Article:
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The Moynihan Option
Here's an early nomination for W. 's team of domestic-policy advisers.


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Larry Kudlow

Here’s an early nomination for George W. Bush’s team of domestic-policy advisers: Daniel Patrick Moynihan. Not only could Moynihan — who will retire from the Senate at year’s end — oversee the policy details necessary to implement Bush’s proposed reform of Social Security, the distinguished New Yorker could be instrumental in garnering bipartisan support for the plan in the House and Senate.

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Witness yesterday’s New York Times. In an important and stinging rebuke to Vice President Al Gore’s harsh criticism of George W. Bush’s proposal for personal retirement accounts, Moynihan makes a comprehensive case in support of Bush’s idea. In its essence, Moynihan points out, the Bush proposal to give workers 2 percentage points of their payroll-tax contribution for self-owned investment accounts is nothing more than a give-back of the last payroll-tax-rate hike contained in the fix of Social Security back in 1977.

“Now here is the point,” the senator writes. “If we will make a few, admittedly difficult but wholly defensible changes in the existing program, those two extra percentage points won’t be needed. . . . Let the magic of compound interest work its magic.” Moynihan then goes on to suggest a more accurate consumer price indexing formula, an extension of Social Security coverage to all newly hired state and local workers (a Republican idea for a long time), normal taxation of benefits, and an increase in the actuarial-benefit accounting period from 35 to 38 years. Make these changes, and the Social Security funds will be in 75-year balance, even without those two percentage points of payroll taxes.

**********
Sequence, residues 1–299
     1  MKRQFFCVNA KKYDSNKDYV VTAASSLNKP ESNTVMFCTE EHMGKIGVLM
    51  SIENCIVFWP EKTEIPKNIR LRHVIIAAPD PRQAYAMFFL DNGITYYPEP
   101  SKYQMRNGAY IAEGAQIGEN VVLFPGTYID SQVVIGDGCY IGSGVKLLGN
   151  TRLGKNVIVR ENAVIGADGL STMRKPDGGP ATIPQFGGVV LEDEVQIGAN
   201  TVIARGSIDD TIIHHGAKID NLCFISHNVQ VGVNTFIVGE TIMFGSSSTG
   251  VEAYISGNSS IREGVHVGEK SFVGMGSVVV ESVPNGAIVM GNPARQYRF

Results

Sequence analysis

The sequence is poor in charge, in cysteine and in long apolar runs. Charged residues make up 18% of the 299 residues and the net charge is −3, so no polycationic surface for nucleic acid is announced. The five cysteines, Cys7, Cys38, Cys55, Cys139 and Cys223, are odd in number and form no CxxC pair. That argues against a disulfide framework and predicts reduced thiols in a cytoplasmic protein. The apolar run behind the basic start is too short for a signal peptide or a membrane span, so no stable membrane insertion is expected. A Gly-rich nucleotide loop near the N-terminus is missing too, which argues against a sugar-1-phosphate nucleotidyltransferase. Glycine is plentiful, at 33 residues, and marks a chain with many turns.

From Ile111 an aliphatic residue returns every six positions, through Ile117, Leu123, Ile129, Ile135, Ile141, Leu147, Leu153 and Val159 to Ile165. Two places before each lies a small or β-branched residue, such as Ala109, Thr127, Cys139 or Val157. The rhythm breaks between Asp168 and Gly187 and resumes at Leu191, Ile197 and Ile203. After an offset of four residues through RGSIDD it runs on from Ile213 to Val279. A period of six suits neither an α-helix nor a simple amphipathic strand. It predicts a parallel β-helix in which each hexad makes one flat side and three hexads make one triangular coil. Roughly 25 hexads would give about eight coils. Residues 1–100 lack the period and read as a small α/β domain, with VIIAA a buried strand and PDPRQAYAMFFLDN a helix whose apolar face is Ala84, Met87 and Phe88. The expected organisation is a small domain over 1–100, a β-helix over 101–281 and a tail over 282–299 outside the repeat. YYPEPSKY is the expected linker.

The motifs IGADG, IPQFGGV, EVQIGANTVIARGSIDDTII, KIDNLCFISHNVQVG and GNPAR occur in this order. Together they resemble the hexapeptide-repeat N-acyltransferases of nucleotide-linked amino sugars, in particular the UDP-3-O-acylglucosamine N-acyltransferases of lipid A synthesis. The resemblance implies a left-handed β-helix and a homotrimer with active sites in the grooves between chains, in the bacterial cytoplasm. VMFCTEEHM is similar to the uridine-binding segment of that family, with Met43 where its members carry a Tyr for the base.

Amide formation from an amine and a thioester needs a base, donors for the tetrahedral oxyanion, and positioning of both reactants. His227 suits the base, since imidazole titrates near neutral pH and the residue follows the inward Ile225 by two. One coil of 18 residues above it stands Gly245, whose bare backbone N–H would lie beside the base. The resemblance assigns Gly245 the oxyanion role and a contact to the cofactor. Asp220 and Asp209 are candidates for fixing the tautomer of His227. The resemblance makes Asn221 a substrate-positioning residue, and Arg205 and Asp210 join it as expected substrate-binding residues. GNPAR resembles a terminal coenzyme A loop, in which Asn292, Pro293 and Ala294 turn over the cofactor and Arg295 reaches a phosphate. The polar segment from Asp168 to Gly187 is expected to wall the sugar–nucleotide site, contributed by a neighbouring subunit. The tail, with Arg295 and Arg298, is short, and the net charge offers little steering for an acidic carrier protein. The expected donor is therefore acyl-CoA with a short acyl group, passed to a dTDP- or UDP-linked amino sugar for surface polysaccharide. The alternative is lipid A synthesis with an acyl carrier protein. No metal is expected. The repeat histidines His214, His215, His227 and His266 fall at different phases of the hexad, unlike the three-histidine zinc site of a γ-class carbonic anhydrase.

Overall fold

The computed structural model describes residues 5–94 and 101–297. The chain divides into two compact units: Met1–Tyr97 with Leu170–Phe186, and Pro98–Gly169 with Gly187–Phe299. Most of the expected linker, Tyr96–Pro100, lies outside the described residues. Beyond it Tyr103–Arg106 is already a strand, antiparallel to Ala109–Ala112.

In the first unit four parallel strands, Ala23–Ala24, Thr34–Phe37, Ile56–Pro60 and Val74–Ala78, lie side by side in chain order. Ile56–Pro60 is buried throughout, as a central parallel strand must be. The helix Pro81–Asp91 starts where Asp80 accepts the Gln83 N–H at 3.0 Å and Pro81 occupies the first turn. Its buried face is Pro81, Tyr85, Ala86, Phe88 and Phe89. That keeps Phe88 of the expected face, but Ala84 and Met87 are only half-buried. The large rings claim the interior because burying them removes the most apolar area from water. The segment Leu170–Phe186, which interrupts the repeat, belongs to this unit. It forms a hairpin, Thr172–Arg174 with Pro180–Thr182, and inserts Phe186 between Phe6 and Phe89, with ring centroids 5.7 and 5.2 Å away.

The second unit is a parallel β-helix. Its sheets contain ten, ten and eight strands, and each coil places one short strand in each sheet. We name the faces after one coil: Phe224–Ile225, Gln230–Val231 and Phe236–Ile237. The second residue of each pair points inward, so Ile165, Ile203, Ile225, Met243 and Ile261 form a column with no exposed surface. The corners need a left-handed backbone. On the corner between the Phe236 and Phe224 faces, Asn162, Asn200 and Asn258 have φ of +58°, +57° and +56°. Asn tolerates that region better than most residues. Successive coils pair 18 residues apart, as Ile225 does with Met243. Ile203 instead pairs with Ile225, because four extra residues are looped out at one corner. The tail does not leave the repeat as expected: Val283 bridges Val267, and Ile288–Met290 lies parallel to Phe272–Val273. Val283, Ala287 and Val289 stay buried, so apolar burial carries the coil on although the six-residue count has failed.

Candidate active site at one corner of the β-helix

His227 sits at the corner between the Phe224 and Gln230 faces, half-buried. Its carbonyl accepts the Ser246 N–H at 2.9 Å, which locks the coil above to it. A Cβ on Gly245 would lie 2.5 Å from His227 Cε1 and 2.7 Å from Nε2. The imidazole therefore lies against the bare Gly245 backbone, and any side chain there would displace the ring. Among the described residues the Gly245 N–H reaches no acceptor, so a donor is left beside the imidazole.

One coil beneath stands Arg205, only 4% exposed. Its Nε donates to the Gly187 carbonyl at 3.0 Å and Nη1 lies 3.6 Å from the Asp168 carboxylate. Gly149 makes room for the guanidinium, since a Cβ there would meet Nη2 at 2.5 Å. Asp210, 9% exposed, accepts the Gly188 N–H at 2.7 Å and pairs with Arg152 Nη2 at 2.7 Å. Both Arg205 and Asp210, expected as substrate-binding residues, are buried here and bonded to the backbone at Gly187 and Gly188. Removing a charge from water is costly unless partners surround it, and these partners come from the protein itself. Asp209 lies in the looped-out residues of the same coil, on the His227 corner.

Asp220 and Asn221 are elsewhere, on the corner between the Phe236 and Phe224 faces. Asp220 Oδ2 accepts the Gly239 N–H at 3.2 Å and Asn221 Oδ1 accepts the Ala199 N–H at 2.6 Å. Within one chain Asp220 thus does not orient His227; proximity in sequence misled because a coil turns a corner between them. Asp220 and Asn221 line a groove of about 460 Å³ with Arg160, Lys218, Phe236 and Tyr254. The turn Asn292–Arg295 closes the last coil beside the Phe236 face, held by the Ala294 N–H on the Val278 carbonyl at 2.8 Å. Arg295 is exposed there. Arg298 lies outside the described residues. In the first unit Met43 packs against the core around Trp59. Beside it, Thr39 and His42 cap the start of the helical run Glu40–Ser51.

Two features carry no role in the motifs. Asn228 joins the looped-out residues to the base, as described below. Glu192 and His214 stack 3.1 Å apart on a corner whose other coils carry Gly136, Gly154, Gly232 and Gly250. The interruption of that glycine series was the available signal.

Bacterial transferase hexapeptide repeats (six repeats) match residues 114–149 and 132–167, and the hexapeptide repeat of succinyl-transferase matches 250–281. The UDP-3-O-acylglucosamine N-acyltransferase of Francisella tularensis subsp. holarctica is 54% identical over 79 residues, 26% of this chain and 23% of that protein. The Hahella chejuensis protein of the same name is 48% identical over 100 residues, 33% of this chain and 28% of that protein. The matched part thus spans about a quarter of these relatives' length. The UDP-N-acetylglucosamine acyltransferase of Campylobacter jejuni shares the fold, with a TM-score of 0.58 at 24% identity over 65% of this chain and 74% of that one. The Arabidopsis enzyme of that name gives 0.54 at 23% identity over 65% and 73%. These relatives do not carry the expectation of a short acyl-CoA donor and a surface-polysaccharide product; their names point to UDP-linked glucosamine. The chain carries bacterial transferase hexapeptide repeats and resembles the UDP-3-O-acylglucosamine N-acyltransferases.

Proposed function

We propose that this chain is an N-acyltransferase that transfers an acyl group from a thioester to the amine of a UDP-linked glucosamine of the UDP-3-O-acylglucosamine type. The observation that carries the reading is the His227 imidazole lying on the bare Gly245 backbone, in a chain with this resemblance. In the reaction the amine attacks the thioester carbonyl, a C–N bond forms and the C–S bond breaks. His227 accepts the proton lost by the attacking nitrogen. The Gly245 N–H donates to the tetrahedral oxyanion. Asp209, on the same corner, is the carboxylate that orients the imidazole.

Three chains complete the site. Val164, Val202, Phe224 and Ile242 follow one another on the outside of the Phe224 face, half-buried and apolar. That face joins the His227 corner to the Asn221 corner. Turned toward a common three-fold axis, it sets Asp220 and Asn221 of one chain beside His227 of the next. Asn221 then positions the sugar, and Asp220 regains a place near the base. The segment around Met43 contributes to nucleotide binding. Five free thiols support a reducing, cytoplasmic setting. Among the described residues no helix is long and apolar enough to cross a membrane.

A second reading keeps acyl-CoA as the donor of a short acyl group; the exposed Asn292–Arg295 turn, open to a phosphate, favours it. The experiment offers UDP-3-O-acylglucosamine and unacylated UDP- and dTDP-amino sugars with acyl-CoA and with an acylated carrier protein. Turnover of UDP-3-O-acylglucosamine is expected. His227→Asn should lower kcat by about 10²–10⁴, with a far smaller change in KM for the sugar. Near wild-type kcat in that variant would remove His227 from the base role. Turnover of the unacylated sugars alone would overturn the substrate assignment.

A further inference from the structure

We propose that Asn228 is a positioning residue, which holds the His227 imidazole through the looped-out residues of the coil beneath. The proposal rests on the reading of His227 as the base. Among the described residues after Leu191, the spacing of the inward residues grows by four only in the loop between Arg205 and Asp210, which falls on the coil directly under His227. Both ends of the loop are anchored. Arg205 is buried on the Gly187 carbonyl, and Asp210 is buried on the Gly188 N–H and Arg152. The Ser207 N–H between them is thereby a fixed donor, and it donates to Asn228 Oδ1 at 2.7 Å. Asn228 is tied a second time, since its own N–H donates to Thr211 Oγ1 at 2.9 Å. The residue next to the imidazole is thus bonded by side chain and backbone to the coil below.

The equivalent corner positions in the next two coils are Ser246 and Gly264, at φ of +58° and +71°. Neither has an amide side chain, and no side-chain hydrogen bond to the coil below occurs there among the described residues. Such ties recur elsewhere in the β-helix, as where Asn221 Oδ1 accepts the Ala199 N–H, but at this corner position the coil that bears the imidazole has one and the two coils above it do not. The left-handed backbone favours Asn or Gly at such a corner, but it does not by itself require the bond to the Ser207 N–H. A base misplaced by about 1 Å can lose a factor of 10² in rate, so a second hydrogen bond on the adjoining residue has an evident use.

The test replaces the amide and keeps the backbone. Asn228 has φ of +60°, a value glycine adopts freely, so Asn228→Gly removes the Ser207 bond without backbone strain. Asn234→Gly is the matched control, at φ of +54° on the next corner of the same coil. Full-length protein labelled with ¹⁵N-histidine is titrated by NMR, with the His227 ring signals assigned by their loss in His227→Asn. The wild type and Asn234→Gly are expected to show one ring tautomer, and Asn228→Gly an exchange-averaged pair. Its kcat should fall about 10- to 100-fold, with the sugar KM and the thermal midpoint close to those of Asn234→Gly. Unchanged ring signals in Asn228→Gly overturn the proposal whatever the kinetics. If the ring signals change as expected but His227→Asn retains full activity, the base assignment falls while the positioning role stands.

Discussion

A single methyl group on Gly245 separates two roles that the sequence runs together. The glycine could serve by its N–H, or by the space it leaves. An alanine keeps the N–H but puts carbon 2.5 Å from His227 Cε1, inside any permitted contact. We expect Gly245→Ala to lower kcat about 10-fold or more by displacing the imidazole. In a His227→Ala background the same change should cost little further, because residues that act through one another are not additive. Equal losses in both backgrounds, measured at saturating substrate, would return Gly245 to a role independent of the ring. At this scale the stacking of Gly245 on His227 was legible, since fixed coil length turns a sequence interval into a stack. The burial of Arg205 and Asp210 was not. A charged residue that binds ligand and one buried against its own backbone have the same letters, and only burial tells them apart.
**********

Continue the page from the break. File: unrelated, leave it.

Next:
Senator Moynihan misses only one key point: Namely, the economic baseline on which long-term trust-fund projections are made should be updated to reflect modern post-World War II economic history. Instead of 2% yearly growth, 3% should be the absolute minimum estimate. Also, as recent productivity trends are reflected, output per hour should be raised from 0.6% annually to 1.5% yearly — at a minimum. These two changes on the low-ball economic assumptions would obviate the need for any funny business on taxing benefits. In addition, Bush’s tax-cut plan will contribute to more investment, more productivity, more job opportunities and, therefore, greater payroll contribution revenues.

Then, the Senator takes on the usual demagogic charges that have been used by Democrats down through the years to block meaningful Social Security reform, including a market downturn that would supposedly wipe out benefits. This is a charge recently leveled by “Terminator 3″ Al Gore. To which Moynihan responds: “The latter charge is obscene. The present progressive retirement benefit is fixed in our bill [a bill submitted two years ago by Moynihan and Sen. Robert Kerrey, which included voluntary investment of payroll tax cut by employees]. There is no occasion to touch it. We add a savings plan modeled on the Thrift Savings Plan for federal employees, including senators.”